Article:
The further I go the more I wonder if this is a good idea. There is always Pub Sreet. I could be sitting in a street side restaurant with a hot meal and a cold beer watching all of the tourists walk down the street. Gelato! I could be eating gelato. But no. Not me. I made a choice to explore Route 66. What’s the worst that can happen? Well I know what the worst that can happen is and that doesn’t really bother me. What does bother me is how long and drawn out that process might be.
I remind myself that there is no guarantee that I can actually make it all the way to Ta Seng or Preah Kahm. For all I know I can make it just one kilometer from my destination and get shut down by a lake or other obstacle in the road with no possible passage. Then I would need to turn around and go through all of this hellish riding in reverse. No guarantees. I’ve heard that somewhere before. I think it was in a saying about life. I continue on.
About five minutes down the path I hear a noise in the distance. A mechanical noise. I am not sure what it is but as I look ahead on the path I see a tractor pulling a cart load of Cambodian people. I guess this is the local bus. I pull of to the side to let them pass and I am met with about fifteen bewildered looks. I smile and say “Sok sa bei” and they smile and shake their heads. For me this is good news. There are people out here. Somewhere out here. They came form somewhere up ahead. These tractors are much better at getting through any of the mud and they have plenty of people to help push if they get stuck.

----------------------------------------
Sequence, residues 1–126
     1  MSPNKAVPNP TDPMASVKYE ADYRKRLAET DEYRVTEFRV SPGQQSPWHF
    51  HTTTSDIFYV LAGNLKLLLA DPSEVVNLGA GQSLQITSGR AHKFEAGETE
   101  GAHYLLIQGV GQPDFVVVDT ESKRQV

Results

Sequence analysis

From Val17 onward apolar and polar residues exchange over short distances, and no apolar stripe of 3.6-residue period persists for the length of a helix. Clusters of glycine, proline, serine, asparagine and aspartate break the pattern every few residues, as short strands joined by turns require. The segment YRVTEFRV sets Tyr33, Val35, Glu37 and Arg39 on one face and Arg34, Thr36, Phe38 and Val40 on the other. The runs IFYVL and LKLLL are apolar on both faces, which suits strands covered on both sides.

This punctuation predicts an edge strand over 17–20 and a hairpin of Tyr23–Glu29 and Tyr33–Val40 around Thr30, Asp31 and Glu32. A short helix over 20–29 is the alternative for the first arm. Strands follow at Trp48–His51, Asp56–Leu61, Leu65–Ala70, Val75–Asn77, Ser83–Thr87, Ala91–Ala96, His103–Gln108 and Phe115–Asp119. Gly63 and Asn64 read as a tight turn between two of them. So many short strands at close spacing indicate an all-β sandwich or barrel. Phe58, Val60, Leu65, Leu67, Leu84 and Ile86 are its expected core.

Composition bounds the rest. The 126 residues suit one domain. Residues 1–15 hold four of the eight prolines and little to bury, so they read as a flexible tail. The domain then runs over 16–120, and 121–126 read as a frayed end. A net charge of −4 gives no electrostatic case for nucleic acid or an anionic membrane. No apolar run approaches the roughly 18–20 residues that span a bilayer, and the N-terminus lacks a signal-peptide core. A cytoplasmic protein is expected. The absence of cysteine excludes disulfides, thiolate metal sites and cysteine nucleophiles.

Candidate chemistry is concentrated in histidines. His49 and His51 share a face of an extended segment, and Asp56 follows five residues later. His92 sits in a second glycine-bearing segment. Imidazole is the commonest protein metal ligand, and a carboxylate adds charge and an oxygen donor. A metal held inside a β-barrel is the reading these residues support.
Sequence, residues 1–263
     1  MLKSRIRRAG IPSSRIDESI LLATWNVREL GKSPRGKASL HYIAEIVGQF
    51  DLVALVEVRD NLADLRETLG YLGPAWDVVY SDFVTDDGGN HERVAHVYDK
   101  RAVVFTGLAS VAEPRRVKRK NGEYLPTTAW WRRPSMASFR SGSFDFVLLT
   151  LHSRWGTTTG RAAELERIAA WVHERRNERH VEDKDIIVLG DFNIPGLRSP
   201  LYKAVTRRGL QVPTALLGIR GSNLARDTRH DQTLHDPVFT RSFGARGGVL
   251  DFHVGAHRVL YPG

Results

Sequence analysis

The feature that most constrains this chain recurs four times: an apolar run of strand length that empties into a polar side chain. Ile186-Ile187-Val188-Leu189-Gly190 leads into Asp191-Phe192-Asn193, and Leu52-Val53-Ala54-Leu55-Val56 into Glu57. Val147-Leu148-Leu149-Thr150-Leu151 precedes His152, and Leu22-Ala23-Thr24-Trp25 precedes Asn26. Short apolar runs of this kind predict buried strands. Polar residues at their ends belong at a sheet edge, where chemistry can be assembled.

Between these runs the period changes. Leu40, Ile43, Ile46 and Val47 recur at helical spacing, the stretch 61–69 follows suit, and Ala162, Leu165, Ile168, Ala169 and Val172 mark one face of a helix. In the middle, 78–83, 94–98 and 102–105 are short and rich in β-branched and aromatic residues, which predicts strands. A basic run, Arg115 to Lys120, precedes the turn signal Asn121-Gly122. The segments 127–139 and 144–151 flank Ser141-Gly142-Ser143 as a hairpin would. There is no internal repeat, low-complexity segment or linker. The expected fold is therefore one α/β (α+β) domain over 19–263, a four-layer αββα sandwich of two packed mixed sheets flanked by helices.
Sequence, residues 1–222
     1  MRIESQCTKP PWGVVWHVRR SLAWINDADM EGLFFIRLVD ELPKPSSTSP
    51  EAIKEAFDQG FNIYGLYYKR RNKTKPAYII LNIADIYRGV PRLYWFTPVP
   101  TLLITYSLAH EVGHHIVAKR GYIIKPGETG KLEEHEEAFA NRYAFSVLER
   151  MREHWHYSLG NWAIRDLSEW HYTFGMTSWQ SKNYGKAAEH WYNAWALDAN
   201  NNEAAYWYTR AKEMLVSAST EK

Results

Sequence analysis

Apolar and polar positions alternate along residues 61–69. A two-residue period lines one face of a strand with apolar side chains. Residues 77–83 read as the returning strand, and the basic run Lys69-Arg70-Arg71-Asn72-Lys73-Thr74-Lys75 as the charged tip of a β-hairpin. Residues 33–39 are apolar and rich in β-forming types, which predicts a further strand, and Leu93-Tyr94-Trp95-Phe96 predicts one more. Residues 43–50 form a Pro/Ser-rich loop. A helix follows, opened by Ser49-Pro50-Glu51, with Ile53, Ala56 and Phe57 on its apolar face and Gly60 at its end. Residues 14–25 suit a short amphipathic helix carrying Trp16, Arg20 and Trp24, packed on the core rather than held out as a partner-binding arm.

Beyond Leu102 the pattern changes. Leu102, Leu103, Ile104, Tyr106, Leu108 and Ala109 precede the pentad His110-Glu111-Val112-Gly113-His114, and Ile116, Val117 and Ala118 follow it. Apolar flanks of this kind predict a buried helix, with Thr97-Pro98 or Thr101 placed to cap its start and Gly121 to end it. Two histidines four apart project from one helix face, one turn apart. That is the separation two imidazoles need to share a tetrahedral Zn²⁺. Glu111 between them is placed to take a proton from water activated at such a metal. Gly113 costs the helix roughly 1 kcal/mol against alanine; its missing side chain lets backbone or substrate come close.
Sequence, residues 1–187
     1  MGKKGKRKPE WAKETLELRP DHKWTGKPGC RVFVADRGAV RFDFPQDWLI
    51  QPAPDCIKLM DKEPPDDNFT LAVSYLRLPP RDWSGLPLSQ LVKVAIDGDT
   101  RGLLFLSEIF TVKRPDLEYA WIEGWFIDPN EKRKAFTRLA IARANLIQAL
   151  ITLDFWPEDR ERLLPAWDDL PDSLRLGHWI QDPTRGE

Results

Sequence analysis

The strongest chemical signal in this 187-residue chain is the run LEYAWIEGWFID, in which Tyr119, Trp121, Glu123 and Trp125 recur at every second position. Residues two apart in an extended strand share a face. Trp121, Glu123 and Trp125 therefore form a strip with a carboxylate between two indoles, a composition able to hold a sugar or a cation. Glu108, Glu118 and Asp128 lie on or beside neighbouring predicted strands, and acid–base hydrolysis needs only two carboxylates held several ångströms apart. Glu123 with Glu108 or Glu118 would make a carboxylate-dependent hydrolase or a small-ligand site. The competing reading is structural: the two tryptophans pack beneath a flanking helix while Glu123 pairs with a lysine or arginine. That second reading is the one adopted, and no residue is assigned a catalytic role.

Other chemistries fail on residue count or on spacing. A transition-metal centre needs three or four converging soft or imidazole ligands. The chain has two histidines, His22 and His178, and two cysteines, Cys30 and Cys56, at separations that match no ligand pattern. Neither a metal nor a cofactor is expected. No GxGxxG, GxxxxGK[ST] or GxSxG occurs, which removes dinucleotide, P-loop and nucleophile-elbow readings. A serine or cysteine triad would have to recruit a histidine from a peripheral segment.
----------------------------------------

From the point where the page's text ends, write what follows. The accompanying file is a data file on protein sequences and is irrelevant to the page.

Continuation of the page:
I begin to feel a little safer as there should be a way out if something happens to me or my moto. Every twenty minutes or so I pass another tractor. Some of them carry people and others carry lumber or supplies. They are all going in the opposite direction so there has to be something ahead. I have no idea how far ahead that may be or what lies between here and there but I am determined to find out. Somewhat determined. Well maybe just curious. A little curious.
The hour is getting late and I am far from home. There is no way I could make it to Ta Seng today even if everything went completely right and the road turned to smooth asphalt. It is here that I decide to turn around knowing that someday I will return and make it all the way down this stretch of Cambodia’s Route 66.
Until that day I turn around and head west with the sun in my eyes and the dust covering me form head to toe. A shower is in my future and a trip to Pub Street. I think I deserve that hot meal and cold beer.
And a gelato.